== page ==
The above verses are perhaps the most familiar of this chapter because these are the verses quoted by Satan to Jesus during his trial in the desert. Why would Jesus’ adversary pick this verse to try and get Jesus to demonstrate his power and proximity to God. In the desert, Jesus was not only hungry and exposed like his Hebrew people, but he represented them from within this “Spiritual” place as Jesus communed with God within his own tabernacle of his body. Jesus, in perfect step with the faith of Abraham and Moses is about to enter his ministry where he deconstructs the religious containers in order to bring healing and restore people back to the contents of faith. Personally, I believe Jesus, perceiving Satan during his temptations, was thinking of this next verse and that is why Satan used these against him.
You will tread on the lion and the adder;
the young lion and the serpent you will trample underfoot.
If my assumption is correct, then this connects Jesus’ moment of temptation, not only to Moses and Abraham, but all the way back to the Garden where the Serpent tempted Adam and Eve, and in essence Jesus is fulfilling the curse to the serpent promised by God in the Garden.
The Lord God said to the serpent,
“Because you have done this,
cursed are you above all livestock
and above all beasts of the field;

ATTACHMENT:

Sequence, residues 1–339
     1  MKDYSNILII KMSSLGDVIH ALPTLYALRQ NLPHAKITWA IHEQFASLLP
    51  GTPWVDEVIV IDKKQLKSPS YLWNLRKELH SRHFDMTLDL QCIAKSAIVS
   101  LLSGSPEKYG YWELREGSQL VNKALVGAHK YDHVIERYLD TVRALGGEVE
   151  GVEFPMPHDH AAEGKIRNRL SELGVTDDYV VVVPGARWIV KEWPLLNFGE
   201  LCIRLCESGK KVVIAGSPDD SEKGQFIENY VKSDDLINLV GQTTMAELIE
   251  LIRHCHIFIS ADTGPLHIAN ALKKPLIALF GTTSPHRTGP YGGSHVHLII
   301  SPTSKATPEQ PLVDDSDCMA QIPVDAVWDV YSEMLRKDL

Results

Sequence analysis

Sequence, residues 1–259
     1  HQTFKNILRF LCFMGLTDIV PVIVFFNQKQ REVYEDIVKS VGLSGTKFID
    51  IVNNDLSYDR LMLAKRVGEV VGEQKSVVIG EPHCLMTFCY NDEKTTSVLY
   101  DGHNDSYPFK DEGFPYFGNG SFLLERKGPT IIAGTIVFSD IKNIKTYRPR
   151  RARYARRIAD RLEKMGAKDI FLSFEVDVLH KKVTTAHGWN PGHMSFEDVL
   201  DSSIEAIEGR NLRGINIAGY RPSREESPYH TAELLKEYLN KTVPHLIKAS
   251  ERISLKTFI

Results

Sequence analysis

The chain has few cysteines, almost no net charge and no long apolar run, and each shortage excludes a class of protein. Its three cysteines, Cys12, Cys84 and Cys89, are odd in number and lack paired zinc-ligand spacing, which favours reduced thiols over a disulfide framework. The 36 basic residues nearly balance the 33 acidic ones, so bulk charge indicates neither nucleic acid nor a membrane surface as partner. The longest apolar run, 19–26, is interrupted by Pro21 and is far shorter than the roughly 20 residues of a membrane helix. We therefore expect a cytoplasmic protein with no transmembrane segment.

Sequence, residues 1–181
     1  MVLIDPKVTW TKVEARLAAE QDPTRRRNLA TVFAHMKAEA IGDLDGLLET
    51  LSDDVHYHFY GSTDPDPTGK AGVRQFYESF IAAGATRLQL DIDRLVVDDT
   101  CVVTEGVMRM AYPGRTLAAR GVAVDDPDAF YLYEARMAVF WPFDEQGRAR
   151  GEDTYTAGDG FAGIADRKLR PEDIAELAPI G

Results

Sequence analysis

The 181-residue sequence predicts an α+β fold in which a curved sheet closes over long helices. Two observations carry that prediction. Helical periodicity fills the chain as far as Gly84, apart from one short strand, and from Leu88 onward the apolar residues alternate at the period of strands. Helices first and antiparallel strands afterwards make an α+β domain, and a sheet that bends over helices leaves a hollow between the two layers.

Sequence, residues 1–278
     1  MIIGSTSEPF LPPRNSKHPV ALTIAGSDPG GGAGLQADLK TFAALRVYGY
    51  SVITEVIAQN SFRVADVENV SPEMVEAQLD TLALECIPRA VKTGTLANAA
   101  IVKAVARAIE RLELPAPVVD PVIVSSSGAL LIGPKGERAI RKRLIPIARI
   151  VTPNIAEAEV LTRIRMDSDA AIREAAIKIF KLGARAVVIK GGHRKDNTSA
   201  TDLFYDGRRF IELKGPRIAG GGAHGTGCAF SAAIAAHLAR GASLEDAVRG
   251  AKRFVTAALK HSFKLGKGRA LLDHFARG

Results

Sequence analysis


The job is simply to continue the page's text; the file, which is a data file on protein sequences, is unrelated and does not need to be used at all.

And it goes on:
on your belly you shall go,
and dust you shall eat
all the days of your life.
I will put enmity between you and the woman,
and between your offspring and her offspring;
he shall bruise your head,
and you shall bruise his heel.” (Genesis 3:14-15)
This kind of alignment is not incidental, nor concocted by any measure of my own cleverness. I believe it is there to point the way to a much bigger awareness, namely, that of the salvation of the entire world, which is the Good News of the Gospel. This news is so big, so pervasive, so powerful, and so beyond any single religion that none of them can possess it, yet somehow, the human story is such that it has always known or at least has been able to perceive the love of God, our Maker, despite religious frameworks. That is the essence of faith. That is the essence of the experience of Moses and why he can conclude this chapter speaking for God to all people, even to all of us…
“Because he holds fast to me in love, I will deliver him;
I will protect him, because he knows my name.
When he calls to me, I will answer him;
I will be with him in trouble;
I will rescue him and honor him.
With long life I will satisfy him
and show him my salvation.”
May we find ourselves written into a new understanding of salvation as we emerge between the lines of these verses. Like Moses understood, salvation is not going to Heaven one day, it is the satisfaction of finding Heaven here within the tabernacle of our hearts. If we cannot find Heaven (The Dwelling Place of God) here and now, why would anyone believe they will possess it someday after they die?